ELECTION RESULTS (January–April 2015)
Comoros: The first round of voting for the 24 elected seats in the Assembly of the Union was held on January 25. In constituencies where there was no winner in the first round, a second round was held on February 22. The vote was a face-off between President Ikililou Dhoinine’s alliance, the Union for the Development of the Comoros, which won 8 seats, and former president Ahmed Abdallah Mohamed Sambi’s Juwa party, which won 7 seats. The Democratic Rally of the Comoros and the centrist Convention for the Renewal of the Comoros each won 2 seats. The remaining 5 seats went to independent candidates and members of smaller parties. The general election was initially scheduled for early November, but was postponed for two months by President Dhoinine. Minor incidents of violence were reported during the vote.
Croatia: In the January 11 presidential runoff, opposition candidate Kolinda Grabar-Kitarović of the conservative Croatian Democratic Union was elected with 50.7 percent of the vote, barely defeating incumbent Ivo Josipović of the center-left Social Democratic Party of Croatia. The runoff reversed the results of the first round, held on December 28, in which Josipović led with 39 percent, Grabar-Kitarović received 37 percent, Ivan Vilibor Sinčić of the Euroskeptic Živi Zid (Human Blockade) party won 16 percent, and right-leaning candidate Milan Kujundžić (founder of the newly formed populist Croatian Dawn party) won 6 percent.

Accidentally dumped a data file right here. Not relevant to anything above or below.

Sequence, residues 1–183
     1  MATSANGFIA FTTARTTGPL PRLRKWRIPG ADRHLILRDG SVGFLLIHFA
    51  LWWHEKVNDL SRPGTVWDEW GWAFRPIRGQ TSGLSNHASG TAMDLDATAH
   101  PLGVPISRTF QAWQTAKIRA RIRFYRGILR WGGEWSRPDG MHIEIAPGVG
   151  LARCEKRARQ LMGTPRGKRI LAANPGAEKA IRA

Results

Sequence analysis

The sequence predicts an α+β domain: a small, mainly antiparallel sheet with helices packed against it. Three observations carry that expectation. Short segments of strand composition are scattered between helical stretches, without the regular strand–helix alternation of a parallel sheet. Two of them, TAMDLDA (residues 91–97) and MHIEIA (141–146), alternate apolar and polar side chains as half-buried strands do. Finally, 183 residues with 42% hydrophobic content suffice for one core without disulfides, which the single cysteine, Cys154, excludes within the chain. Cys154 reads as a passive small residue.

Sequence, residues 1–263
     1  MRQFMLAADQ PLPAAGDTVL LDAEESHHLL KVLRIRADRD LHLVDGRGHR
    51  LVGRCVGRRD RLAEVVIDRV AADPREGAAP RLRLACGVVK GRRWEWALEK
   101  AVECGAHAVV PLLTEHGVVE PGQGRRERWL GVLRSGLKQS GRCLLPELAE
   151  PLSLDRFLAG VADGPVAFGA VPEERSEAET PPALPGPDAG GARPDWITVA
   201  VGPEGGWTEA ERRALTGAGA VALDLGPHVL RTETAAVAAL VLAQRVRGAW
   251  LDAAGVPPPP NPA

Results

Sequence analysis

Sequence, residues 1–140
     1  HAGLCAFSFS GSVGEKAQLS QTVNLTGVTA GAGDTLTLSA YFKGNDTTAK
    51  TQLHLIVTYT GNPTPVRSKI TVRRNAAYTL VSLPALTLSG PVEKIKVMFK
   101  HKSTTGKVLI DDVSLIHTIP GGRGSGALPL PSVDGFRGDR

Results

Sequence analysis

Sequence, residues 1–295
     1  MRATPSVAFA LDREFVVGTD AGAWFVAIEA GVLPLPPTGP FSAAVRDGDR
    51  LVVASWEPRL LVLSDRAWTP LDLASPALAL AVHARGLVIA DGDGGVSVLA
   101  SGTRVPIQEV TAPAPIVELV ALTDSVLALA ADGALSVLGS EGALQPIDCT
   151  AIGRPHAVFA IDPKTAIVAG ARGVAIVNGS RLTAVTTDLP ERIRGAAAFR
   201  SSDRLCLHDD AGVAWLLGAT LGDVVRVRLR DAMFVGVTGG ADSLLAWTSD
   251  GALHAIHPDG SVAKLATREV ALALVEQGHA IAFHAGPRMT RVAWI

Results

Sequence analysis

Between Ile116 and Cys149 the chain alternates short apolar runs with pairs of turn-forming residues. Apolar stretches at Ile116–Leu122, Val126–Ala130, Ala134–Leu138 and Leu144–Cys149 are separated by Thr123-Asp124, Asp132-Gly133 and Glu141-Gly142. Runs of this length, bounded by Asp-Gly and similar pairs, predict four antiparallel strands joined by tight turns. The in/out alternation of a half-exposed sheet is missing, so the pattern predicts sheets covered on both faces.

El Salvador: Voting for the 84 representatives in the unicameral Legislative Assembly was held on March 1. The results were significantly delayed due to technical problems. Early returns indicated a very tight race between the National Republican Alliance (Arena) and the Farabundo Martí National Liberation Front (FMLN). Full results will be reported in a future issue. [End Page 177]
Estonia: In March 1 elections to the 101-seat parliament (Riigikogu), newly elected prime minister Taavi Rõivas’s pro-NATO center-right Estonian Reform Party (RE) won 30 seats, defeating the opposition pro-Russian Center Party (EK), led by Edgar Saavisar, which received 27 seats. The Reform Party’s coalition partner, the center-left Social Democratic Party (SDE), led by Sven Mikser, won 15 seats. The conservative Pro Patria and Res Publica Union (IRL), led by Urmas Reinsalu, won 14 seats. Two smaller parties—the newly formed liberal Free Party, led by Andres Herkel, and the right-wing Conservative People’s Party (VKRE), led by Mart Helme—split the remaining 15 seats. In March 2014, Rõivas was chosen as successor to former prime minister Andrus Ansip, who resigned in an attempt to strengthen his Reform Party in advance of the parliamentary elections.